Can Penal Law Be Used Against a Juvenile Delinquent ?
In Matter of Asia H. (184 Misc 2d 27), Matter of Jennifer G. (182 Misc 2d 278) and Matter of Kimberly A. P. (178 Misc 2d 180), the courts all found no reason not to use Penal Law 215.50 (3) against a person in need of supervision before the age of 16 when a term of an article 7 dispositional order was violated so as to convert the person in need of supervision to a juvenile delinquent to be able to use a secure detention facility.
This current effort at "bootstrapping" was specifically rejected in Matter of Freeman (103 Misc 2d 649).
These cases, in any event, are distinguishable from the ones before this Court because the person in need of supervision and juvenile delinquent are charged not in Family Court with violating Penal Law 215.50 (3) but rather in a local criminal court because they are 16 and as a result face a penal sanction.
In People v. Prescott, the Court rejected the application of Penal Law 110.00 (attempt to commit a crime) to Vehicle and Traffic Law articles 31 and 20.
The Court said "the People are asking the courts to create an offense not contemplated by the detailed statutory scheme." (Prescott, supra, at 661.)
The Court ruled, after acknowledging while such was theoretically possible, that "in light of the distinct nature of article 31 [and article 20] of the Vehicle and Traffic Law, the statute's exclusive penalties, and the highly integrated statutory scheme, the Legislature did not contemplate" (Prescott, supra, at 663) adding another offense arising from the proscribed conduct.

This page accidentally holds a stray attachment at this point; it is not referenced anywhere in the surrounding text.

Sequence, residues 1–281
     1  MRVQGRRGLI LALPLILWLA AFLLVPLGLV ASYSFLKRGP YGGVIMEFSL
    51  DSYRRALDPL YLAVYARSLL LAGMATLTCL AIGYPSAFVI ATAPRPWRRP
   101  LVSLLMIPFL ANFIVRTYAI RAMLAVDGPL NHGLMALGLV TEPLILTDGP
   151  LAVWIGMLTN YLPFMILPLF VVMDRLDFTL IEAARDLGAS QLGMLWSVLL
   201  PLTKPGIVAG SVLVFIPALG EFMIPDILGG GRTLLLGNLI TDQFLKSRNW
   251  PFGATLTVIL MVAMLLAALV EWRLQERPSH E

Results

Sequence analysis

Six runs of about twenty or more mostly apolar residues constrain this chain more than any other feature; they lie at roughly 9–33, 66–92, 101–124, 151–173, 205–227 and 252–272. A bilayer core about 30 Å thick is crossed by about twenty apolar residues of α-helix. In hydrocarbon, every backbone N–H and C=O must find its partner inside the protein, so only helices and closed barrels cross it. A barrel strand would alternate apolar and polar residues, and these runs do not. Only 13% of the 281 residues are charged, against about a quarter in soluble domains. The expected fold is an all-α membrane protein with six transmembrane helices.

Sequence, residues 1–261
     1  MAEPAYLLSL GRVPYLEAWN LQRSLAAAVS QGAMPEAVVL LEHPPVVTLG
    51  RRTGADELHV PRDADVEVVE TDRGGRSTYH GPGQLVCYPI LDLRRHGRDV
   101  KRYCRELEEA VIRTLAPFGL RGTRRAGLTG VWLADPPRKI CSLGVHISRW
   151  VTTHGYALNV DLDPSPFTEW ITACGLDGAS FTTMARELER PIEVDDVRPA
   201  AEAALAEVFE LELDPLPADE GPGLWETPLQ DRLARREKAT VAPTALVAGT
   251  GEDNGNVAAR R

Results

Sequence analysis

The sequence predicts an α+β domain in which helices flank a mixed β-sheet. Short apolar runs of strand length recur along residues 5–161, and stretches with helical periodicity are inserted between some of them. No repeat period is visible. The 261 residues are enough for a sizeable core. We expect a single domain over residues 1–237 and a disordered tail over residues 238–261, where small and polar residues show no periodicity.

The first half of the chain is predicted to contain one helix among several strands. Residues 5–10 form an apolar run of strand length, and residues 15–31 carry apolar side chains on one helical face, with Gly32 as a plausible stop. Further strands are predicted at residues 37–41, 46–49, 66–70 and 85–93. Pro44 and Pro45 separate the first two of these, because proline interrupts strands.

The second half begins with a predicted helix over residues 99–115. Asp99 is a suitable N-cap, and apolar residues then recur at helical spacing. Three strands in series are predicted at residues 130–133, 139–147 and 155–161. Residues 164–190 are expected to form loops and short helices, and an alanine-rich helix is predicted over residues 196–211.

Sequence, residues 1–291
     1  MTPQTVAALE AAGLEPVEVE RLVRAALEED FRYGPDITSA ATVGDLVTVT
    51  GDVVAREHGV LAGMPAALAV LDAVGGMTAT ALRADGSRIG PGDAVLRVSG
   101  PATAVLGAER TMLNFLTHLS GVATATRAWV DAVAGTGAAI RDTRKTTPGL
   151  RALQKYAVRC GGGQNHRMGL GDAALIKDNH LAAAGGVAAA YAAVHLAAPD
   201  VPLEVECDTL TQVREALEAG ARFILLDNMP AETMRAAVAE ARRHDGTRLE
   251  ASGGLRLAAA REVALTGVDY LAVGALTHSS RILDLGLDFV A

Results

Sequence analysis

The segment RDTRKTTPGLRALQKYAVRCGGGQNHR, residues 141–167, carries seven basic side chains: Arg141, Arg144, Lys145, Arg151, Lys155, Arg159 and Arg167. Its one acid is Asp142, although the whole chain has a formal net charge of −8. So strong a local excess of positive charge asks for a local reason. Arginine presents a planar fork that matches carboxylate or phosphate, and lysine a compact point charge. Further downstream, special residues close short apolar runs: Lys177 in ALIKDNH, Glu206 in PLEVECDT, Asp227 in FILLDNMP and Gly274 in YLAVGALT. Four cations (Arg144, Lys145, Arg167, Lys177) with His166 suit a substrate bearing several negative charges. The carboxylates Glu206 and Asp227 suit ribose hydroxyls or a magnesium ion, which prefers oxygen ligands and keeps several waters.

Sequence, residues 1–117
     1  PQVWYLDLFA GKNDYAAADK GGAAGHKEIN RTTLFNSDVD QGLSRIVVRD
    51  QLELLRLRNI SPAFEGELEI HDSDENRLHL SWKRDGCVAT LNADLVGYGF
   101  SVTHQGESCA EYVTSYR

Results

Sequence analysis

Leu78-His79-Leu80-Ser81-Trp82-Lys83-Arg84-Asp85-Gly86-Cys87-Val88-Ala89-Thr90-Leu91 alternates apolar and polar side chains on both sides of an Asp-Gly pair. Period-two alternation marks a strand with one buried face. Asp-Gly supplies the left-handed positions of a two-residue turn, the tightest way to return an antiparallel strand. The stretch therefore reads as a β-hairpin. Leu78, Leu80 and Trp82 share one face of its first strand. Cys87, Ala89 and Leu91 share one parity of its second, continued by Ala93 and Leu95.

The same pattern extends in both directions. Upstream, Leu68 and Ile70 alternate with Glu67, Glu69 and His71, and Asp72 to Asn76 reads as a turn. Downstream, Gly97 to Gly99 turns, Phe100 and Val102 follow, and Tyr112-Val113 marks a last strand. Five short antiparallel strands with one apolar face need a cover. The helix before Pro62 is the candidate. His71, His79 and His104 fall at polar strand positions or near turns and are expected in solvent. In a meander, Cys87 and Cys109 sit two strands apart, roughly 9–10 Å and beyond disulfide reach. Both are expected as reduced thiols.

The Court concluded, "[a] determination otherwise would only lead to judicial and administrative confusion" (Prescott, supra, at 663).
There can be no question that articles 3 and 7 of the Family Court Act have a "distinct nature."
In Matter of Samuel W. v. Family Ct. (24 NY2d 196, 197), the Court defined family law as a "special system of law for treating young juvenile offenders"; or, as one commentator stated, "the juvenile court was expected to become the center of society's efforts to help children and families in trouble." (See, Besharov, Practice Commentaries, McKinney's Cons Law of NY, Book 29A, Family Ct Act 711, at 10.)